M.Torabi Nami MD, PhDc
Department of Neuroscience
Cognitive Science Studies (ICSS), Tehran 15948 Iran
Sleepiness, tiredness and
fatigue are complaints which must be thoroughly analyzed to
eliminate blur and ambiguity.
Physiological sleepiness (“sleep
pressure”) increases while being awake and additionally underlies
the circadian rhythm with a lower threshold to fall asleep during
Excessive daytime sleepiness (EDS) is considered
normal only after sleep deprivation. Clinically, EDS manifests by
frequents daytime napping and/or reduced alertness with automatic
behavior or - in its extreme form - in recurrent attacks of sudden,
uncontrollable compulsion to sleep also in inappropriate situations
( “sleep attacks”).
EDS is “objectively” addressed by
measuring the mean sleep latency to four to five nap opportunities
throughout the day using the multiple sleep latency test (MSLT) or
the maintenance of wakefulness test (MWT).
EDS denotes both, a
ready entrance into sleep as well as difficulty in staying awake
during daytime or accordingly in inappropriate situations. These
two partially independent aspects of EDS are separately assessed by
the “passive” MSLT and the “active” MWT respectively.
that reason the MSLT and MWT only weakly correlate with each other
when tested over a broad range of patients with EDS. It is important
to keep in mind, that these tests are importantly influenced by a
great variety of factors such as mood, anxiety, and motivation.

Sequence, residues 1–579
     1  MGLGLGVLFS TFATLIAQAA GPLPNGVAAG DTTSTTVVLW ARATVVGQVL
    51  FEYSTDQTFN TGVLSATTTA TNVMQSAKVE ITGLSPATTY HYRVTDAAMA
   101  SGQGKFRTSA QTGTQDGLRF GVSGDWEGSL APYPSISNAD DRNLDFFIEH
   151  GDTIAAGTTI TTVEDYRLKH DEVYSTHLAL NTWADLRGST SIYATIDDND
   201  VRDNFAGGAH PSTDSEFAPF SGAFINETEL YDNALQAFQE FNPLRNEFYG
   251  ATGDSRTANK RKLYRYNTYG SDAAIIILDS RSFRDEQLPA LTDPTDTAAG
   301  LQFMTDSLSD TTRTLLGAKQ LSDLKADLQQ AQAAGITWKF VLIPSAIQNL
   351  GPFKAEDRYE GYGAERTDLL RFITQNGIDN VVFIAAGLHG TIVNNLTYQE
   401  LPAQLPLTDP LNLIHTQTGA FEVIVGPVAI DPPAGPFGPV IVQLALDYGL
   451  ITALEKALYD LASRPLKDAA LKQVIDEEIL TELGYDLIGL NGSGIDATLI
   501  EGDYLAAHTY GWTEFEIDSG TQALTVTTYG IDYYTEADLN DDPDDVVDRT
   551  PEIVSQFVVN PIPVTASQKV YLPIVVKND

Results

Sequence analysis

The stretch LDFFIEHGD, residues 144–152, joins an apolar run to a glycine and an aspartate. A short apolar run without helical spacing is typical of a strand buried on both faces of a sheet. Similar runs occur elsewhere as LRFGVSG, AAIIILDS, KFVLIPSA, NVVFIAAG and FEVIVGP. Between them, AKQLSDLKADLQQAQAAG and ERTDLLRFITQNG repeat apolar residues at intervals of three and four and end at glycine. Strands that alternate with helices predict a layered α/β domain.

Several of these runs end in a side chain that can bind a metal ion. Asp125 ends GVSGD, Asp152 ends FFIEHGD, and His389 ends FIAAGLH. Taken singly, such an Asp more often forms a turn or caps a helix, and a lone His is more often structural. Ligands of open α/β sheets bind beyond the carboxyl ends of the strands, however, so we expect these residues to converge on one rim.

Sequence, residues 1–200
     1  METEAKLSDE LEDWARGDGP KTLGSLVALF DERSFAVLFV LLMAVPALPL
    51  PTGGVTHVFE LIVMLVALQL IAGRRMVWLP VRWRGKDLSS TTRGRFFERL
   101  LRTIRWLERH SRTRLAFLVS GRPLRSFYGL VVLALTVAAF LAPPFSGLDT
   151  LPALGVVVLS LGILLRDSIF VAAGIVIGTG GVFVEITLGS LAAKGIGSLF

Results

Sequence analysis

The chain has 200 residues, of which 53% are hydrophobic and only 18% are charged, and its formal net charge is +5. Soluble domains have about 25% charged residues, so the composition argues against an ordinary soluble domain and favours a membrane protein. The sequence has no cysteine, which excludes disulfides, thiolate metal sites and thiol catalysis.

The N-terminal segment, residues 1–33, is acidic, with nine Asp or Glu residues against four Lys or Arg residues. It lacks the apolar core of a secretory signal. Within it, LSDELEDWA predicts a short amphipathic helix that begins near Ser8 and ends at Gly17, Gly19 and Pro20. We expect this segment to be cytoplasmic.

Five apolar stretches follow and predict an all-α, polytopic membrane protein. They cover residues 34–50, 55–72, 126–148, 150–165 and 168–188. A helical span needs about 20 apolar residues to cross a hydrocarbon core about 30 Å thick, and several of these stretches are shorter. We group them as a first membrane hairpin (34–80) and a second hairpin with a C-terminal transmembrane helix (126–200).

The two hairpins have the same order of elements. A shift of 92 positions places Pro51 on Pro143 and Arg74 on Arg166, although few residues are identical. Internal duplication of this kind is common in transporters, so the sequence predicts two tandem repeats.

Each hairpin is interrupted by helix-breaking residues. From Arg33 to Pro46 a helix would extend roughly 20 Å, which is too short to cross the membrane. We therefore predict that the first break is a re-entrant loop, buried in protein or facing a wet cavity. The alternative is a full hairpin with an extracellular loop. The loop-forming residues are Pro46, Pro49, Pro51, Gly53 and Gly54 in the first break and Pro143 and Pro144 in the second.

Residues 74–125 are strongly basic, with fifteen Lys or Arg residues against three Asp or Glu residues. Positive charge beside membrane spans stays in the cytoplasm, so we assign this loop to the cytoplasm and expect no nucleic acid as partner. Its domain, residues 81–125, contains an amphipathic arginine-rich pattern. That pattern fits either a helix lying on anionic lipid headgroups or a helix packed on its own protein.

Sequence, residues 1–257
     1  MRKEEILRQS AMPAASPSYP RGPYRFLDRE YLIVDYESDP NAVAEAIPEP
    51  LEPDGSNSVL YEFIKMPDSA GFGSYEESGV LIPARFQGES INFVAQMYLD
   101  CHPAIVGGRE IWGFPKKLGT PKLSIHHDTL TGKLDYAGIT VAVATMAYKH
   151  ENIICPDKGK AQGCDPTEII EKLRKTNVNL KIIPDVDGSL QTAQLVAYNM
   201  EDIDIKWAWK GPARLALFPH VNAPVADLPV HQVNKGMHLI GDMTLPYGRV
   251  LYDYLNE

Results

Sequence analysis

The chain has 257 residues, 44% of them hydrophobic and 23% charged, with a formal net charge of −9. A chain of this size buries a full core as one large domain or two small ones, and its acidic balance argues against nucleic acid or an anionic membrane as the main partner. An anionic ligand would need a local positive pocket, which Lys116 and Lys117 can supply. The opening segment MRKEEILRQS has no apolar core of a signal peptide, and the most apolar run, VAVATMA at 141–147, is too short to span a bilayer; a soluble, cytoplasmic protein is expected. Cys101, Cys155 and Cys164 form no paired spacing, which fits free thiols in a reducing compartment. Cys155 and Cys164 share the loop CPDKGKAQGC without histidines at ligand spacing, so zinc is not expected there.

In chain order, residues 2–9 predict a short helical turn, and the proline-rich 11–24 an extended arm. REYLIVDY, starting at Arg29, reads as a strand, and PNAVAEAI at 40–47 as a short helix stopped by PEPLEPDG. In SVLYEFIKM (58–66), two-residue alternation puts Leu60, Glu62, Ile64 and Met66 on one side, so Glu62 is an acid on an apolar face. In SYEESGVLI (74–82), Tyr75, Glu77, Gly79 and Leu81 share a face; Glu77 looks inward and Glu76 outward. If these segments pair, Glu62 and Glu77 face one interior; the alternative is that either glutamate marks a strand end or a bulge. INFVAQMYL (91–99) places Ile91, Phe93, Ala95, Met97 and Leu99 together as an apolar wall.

“Vigilance” comprises wakefulness, alertness and attention and
therefore is more than just the reciprocal to sleepiness. Cognitive
performance tasks such as Steer Clear Reaction Time Test (SCRTT) or
driving simulators require the complete integrity of vigilance to
achieve normal results. Hypersomnia is usually broadly defined as
the combination of abnormally prolonged night-time sleep (regularly
10 h) with EDS during ≥1 months.
On the other hand, the term
hypersomnia has also been used in a narrower scene for the isolated
abnormality of a prolonged night-time sleep need (10 h).
“Tiredness”, also in colloquial language often used for
sleepiness, in a broader sense also describes the feeling of lack of
energy, motivation and initiative.
These patients seek rest
rather than sleep. They often cannot fall asleep when given the
opportunity in spite of feeling tired, and hence, in an MSLT, do not
show an abnormally short sleep latency. Furthermore, tiredness (and
fatigue) as opposed to sleepiness has a mental (“central”) and
physiological (bodily or “peripheral”) component, which the
patients can readily distinguish. Patients with insomnia, mild sleep
apnea syndrome, or depression rather suffer from mental tiredness
than sleepiness during the day.
The simple subjective
self-assessment using the Epworth Sleepiness Scale (ESS) quite
reliably differentiates between sleepiness and mental tiredness
(without sleepiness), which makes it a widely used test. The term
“fatigue” is also heterogeneously used.
In physiology the
“fatigue” implied a “time on task performance decrement” to
describe decreasing muscle force during a sustained physical effort.
In clinical medicine one distinguishes physical (“peripheral”)
from mental (“central”) fatigue and the term usually denotes a
chronic and more abnormal situation than tiredness.
In a broad
sense “fatigue” implies a deficiency in coping satisfactorily
with mental and physical work load. The chronic fatigue syndrome
entails both mental as well as a physical fatigue (so called
“leaden paralysis” of limbs). Depressive states are often
associated with insomnia and fatigue, but there are also cases with
hypersomnia rather than insomnia ( non organic hypersomnia ,
“atypical depression” or “hypersom